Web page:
Decision I061M – County of San Mateo

SF-CO-433-M

Decision Date: June 27, 2019

Decision Type: PERB Decision

Description:  In response to union’s notice of a two-day strike, County filed unfair practice charge alleging the planned strike violated the union’s duty to bargain in good faith because: (1) the union was threatening to strike prematurely; and (2) the threatened strike included employees whose absence from work would imminently and substantially threaten public health or public safety.  County amended its charge and sought injunctive relief a second time after parties reached agreements in 10 of 11 bargaining units, and strike in remaining unit was re-noticed for a future date.

Disposition:  Board granted in part and denied in party the County’s first injunctive relief request, and denied the County’s second request.  County’s requests to enjoin strikes entirely denied; PERB found no reasonable cause to believe that a rebuttable presumption against pre-impasse strikes applied to either of the noticed strikes.  PERB granted requests for injunctive relief as to those positions PERB preliminarily found to be essential.

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Decision Headnotes

301.00000 – UNFAIR PRACTICE ISSUES; STRIKES, SLOWDOWNS AND WORK STOPPAGES
301.01000 – In General

A union violates its duty to bargain in good faith if it holds a strike by one or more employees whose absence from work imminently and substantially threatens public health or safety. When an employer asks PERB to seek an injunction against a strike that includes allegedly essential employees, PERB assesses each position on a case by case basis. In determining whether a particular employee’s job is so essential that the employee may not legally strike, PERB considers the nature of the services the employee performs and whether the employer has clearly demonstrated that disruption of such services for the length of the strike would imminently and substantially threaten public health or safety. If PERB finds that a lapse in the public service would imminently and substantially threaten the public health or safety, PERB next considers whether the employer has clearly demonstrated that it requires an injunction to protect the public after accounting for all possible service reductions and coverage options. PERB will exclude from its injunctive relief request to the court any positions that PERB has preliminarily found to be essential if the union agrees to exempt those positions from a planned strike.

301.00000 – UNFAIR PRACTICE ISSUES; STRIKES, SLOWDOWNS AND WORK STOPPAGES
301.02000 – Pre-Impasse

A strike that occurs prior to impasse and completion of any statutorily-required impasse resolution procedures creates a rebuttable presumption that the union has breached its duty to bargain in good faith. (County of Trinity (United Public Employees of California, Local 792) (2016) PERB Decision No. 2480-M, p. 3 (Trinity).) After bargaining parties have reached a bona fide impasse and exhausted any mandatory impasse resolution procedures, public sector strikes are governed by the same rules as apply in the private sector (City of San Jose (2013) PERB Decision No. 2341-M, p. 39), except that an employer’s “substantial concession” post-impasse might temporarily re-institute the aforementioned rebuttable presumption, until a new impasse is reached. (Trinity, supra, PERB Decision No. 2480-M, p. 5.) PERB denied County’s requests to enjoin strikes, finding no reasonable cause to believe that rebuttable presumption against pre-impasse strikes applied to the noticed strikes. Board therefore did not consider whether union could rebut such a presumption, nor did Board consider whether an injunction prohibiting union from proceeding with its strikes might be just and proper.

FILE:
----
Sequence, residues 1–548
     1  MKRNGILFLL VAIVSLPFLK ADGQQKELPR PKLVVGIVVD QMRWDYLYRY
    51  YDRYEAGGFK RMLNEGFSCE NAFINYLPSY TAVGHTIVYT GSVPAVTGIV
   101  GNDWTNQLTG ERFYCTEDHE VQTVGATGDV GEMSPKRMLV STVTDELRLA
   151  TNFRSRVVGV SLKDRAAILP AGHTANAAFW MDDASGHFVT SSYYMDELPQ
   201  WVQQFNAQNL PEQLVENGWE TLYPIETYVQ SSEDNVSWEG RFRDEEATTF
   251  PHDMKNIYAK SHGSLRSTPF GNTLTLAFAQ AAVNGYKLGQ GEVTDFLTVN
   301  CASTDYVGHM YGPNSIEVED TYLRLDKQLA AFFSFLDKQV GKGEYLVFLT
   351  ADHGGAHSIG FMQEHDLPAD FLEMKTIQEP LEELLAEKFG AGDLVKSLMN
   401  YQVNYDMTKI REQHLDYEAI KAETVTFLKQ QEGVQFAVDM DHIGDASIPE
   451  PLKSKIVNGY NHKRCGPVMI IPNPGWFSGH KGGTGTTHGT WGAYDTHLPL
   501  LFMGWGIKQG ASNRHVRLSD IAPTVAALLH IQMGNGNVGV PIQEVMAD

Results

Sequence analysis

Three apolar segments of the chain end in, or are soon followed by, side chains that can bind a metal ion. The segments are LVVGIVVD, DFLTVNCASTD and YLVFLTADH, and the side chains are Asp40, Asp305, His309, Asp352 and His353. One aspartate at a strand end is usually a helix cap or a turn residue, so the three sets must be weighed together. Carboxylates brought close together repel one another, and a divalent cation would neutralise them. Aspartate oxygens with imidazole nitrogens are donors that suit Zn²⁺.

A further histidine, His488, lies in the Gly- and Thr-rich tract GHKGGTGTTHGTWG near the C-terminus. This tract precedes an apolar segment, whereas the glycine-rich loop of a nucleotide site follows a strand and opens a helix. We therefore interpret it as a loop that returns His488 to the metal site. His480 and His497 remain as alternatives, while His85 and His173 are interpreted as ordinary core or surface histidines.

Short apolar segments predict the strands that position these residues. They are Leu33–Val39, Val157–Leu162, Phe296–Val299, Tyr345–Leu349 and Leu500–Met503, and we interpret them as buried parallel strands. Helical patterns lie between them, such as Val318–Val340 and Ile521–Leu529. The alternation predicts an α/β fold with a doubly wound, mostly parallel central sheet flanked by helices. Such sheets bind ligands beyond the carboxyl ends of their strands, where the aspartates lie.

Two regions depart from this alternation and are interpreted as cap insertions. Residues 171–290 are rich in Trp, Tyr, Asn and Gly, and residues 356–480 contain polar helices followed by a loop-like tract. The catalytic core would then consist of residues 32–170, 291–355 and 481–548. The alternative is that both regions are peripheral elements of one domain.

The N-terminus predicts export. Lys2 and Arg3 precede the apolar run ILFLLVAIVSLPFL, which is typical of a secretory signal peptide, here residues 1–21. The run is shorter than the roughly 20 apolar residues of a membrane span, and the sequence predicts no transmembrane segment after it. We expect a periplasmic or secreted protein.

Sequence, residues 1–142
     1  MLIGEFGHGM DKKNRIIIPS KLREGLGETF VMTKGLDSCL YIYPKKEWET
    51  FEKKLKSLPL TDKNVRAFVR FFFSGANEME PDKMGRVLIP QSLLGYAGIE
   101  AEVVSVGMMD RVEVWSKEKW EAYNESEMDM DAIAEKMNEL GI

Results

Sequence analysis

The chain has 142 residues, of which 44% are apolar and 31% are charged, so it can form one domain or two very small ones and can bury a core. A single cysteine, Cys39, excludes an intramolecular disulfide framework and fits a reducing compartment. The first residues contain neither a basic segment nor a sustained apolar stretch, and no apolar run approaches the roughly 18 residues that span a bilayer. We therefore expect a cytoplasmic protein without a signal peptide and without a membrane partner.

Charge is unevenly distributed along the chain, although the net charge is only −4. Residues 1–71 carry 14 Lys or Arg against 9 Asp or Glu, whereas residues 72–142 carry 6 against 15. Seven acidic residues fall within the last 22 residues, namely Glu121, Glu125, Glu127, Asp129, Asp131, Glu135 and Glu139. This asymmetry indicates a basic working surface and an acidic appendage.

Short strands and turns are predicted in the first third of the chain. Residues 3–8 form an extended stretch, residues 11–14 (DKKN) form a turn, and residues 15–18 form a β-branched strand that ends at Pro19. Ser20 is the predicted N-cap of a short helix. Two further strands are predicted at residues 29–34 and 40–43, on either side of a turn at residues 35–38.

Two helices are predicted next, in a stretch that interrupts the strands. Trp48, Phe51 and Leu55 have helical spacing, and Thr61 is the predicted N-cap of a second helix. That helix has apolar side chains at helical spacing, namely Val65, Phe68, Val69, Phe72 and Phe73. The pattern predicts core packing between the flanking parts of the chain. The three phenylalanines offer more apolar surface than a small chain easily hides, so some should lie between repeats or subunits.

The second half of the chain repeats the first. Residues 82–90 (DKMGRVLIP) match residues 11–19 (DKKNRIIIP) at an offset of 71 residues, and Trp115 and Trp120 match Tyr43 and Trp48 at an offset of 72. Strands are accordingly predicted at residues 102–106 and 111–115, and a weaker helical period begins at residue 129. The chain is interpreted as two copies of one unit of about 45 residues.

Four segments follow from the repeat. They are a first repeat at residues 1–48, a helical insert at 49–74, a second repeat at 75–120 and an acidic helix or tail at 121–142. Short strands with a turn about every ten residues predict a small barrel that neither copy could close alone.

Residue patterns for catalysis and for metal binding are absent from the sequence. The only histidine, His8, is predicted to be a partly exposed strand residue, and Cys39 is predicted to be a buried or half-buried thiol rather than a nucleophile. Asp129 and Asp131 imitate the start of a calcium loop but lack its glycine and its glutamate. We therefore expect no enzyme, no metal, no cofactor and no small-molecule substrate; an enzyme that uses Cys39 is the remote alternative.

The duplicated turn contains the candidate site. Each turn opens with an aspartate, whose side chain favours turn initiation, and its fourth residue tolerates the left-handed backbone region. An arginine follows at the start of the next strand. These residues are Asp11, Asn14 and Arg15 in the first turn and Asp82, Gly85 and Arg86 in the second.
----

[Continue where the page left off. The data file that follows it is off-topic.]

301.00000 – UNFAIR PRACTICE ISSUES; STRIKES, SLOWDOWNS AND WORK STOPPAGES
301.04000 – Unfair Practice

A strike that occurs prior to impasse and completion of any statutorily-required impasse resolution procedures creates a rebuttable presumption that the union has breached its duty to bargain in good faith. (County of Trinity (United Public Employees of California, Local 792) (2016) PERB Decision No. 2480-M, p. 3 (Trinity).) After bargaining parties have reached a bona fide impasse and exhausted any mandatory impasse resolution procedures, public sector strikes are governed by the same rules as apply in the private sector (City of San Jose (2013) PERB Decision No. 2341-M, p. 39), except that an employer’s “substantial concession” post-impasse might temporarily re-institute the aforementioned rebuttable presumption, until a new impasse is reached. (Trinity, supra, PERB Decision No. 2480-M, p. 5.)

301.00000 – UNFAIR PRACTICE ISSUES; STRIKES, SLOWDOWNS AND WORK STOPPAGES
301.11000 – Essential Employees